Japanese car firm Nissan is in talks with Hinduja group company Ashok Leyland for developing a small car that will operate in the segment currently dominated by the Maruti Suzuki Alto.
Speaking to Indian journalists here on the sidelines of the Geneva Auto Show, Carlos Ghosn, the CEO of Nissan & Renault, said: “We are studying the possibility of tying up with Ashok Leyland and some other manufacturers in China and Indonesia for a small car project.”
In India, the car could be positioned between the Tata Nano at the lower end and Maruti Swift at the upper end of the small car market.
The tie-up with Bajaj Auto for an ultra low-cost car in the Nano price bracket continues. While Nissan said no fresh progress had been made on this alliance, Ravi Kumar, vice-president, business development, Bajaj Auto, declined to comment.
Meanwhile, the company today launched its fourth-generation car, Micra. Production begins later this month at Nissan’s new plant in Chennai and the car goes on commercial sale in May. It is likely to be positioned in the B-segment and priced between Rs 3.8 lakh and Rs 5 lakh.
According to the agreement with Bajaj Auto in November last year for the ultra low-cost car, Bajaj will be responsible for the design, engineering, sourcing and manufacturing and the Renault-Nissan alliance for marketing and selling.
Nissan Motor Co-Executive Vice-President Collin Dodge said: “We have a formal agreement with Ashok Leyland for making light commercial vehicles in India. In addition to that, we also use Ashok Leyland’s engineering services for various purposes. At the moment, we are talking to them and many other partners.”
He said the global small car is aimed at tapping the price bracket of $4,500-5,000, which is set to grow substantially and account for around “20 per cent of the total global car sales in due course of time”.
“There may be an opportunity with Ashok Leyland on a price-centric car,” Dodge added.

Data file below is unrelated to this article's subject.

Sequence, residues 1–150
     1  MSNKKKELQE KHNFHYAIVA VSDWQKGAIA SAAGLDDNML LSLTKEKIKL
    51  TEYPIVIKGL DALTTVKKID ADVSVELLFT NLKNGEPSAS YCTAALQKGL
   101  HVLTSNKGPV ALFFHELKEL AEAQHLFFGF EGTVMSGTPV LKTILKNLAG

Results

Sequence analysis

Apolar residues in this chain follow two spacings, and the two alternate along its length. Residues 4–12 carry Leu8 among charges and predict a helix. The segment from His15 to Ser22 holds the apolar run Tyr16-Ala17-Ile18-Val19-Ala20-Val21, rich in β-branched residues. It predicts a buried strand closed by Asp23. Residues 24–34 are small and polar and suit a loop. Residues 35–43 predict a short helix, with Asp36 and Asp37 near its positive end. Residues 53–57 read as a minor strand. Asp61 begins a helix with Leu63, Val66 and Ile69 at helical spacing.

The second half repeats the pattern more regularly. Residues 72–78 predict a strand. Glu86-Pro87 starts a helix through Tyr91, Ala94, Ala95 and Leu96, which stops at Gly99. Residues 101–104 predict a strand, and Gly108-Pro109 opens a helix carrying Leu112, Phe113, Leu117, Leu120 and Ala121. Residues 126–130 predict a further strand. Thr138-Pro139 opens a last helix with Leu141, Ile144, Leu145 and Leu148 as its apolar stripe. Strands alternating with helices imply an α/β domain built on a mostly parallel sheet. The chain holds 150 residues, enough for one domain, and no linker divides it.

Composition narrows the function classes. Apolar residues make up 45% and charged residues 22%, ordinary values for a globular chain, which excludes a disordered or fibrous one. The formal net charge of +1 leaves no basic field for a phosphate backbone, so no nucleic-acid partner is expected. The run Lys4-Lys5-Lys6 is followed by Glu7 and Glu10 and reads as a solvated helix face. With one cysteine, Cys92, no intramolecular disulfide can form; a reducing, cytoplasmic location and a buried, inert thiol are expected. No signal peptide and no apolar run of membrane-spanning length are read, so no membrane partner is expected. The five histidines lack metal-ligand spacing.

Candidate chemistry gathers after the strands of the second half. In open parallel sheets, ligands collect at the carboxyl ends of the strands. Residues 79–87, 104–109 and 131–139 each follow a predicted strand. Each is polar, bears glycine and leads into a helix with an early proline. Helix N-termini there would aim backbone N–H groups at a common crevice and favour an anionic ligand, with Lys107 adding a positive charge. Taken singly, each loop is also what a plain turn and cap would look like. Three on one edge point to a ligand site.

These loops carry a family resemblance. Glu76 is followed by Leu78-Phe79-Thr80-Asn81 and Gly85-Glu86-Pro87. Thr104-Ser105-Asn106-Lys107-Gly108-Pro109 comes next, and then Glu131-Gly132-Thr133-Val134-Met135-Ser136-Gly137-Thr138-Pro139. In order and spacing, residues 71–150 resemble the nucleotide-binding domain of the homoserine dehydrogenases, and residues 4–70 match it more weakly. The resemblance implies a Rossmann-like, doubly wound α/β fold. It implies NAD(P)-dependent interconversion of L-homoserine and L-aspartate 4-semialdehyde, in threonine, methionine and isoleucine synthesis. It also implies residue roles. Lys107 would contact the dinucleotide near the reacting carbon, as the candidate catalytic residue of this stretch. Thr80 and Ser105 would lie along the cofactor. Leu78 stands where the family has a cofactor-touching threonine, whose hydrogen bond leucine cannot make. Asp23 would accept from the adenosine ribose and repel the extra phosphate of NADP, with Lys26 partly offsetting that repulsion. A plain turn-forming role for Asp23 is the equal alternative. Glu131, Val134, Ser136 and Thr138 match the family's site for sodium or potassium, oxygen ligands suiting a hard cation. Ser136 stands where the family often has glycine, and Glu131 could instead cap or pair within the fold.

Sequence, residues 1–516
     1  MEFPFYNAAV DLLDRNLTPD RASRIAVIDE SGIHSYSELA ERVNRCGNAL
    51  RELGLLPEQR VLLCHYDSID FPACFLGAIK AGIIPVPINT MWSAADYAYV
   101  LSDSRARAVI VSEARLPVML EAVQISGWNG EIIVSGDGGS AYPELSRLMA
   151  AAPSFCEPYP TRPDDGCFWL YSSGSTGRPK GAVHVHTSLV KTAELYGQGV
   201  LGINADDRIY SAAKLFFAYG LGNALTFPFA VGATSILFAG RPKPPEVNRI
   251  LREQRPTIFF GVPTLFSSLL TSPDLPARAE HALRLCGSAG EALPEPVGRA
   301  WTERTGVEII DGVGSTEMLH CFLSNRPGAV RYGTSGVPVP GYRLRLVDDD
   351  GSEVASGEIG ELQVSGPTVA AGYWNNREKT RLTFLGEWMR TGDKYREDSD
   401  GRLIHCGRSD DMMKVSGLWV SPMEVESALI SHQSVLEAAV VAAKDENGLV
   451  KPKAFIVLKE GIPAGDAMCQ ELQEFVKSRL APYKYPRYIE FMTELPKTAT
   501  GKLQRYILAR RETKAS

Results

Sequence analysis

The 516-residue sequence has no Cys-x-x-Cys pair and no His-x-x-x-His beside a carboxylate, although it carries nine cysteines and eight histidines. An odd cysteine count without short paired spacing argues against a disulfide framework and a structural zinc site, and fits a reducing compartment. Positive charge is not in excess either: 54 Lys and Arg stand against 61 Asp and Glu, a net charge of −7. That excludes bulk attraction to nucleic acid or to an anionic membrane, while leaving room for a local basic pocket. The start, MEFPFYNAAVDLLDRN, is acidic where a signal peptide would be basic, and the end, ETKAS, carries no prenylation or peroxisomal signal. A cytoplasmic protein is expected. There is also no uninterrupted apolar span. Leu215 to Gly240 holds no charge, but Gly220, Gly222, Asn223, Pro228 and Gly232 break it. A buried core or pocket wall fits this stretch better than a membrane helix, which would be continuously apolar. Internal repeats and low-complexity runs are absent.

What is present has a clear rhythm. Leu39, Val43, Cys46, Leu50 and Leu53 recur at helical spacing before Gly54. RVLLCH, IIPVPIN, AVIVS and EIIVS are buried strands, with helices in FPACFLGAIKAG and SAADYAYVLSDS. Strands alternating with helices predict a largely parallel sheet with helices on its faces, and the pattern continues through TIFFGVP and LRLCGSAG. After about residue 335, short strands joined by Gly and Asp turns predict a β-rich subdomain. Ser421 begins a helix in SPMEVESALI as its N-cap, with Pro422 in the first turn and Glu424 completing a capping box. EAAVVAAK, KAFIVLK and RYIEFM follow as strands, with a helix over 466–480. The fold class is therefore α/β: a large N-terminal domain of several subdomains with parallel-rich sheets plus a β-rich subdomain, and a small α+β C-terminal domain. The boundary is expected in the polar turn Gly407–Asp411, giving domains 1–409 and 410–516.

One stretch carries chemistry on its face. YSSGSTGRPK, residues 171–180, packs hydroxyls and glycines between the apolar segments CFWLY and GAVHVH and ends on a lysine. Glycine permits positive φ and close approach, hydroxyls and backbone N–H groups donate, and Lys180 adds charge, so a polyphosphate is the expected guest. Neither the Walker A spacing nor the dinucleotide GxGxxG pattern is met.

He said none of the big global carmakers like Volkswagen, General Motors or Ford could produce a small car at such a cheap price without partnering with local firms already involved in low-cost production. Asked which country would be the lead market for such a small car, Mr. Dodge said, “China will be the number one as the segment is growing in a big way there with about two million units. India will be the second market.”
Other countries like Indonesia, Vietnam, Brazil, Colombia and some more Latin American nations are also possible markets, he added.
At present, Nissan and Ashok Leyland are partners in a light commercial vehicles joint venture. The two firms had announced three joint ventures in 2007 for making LCVs, power trains and developing technology, and setting up a plant near Chennai, envisaging a total investment of Rs 2,300 crore.
The two companies had formed Ashok Leyland Nissan Vehicles Pvt Ltd in which the Indian partner has 51 per cent and the rest is held by Nissan, to manufacture LCVs. Ashok Leyland had earlier said it would have no joint branding with Nissan for the LCVs.
The joint venture, at present, is developing both trucks and buses in the three- and six-tonne categories.
There has been a delay in setting up the manufacturing plant owing to land acquisition problems so the partners have started producing LCVs from their respective facilities and plan to launch them by 2011.
Ashok Leyland Nissan Vehicles had set an initial target to produce 100,000 units and the two partners had signed an agreementwith the Tamil Nadu government to set up an integrated plant at Pillaipakkam, 40 km from Chennai
On the Micra, Shiro Nakamura, senior vice president and head of design at Nissan, said that the car is in keeping with Nissan’s design language of being “provocatively modern.” “The in-your-face design language is in keeping with the Nissan GT-R and 370Z sports cars,” he said.
The first of the V-platform cars, the Micra is to be powered by a 1.2-litre petrol engine producing just 115 g/km of CO2 and a 1.5-litre dCi diesel engine as found in the Mahindra Renault Logan in India.
Ghosn also said a more efficient engine with 95 g/km of CO2 will be launched internationally in the next few months.
Asked about the Mahindra-Renault joint venture and the likelihood of it ending, Ghosn said, “Just because one product didn’t do well doesn’t mean that the joint venture is over. I am in India later this month and you will hear more on it then.”
In mid-February, Mahindra had said that it hoped to come out with an announcement in the next 45 days.
Nissan also launched a small crossover called the Juke for Europe, Japan and the US. Powered by a 1.6-litre petrol engine, it is Nissan’s fourth crossover. With compact cars and crossovers, Ghosn said he hoped to achieve global sales of one million compact cars by 2013 and hoped that with products like the Micra, Nissan could increase its global presence from 80 per cent of the world markets to 94 per cent.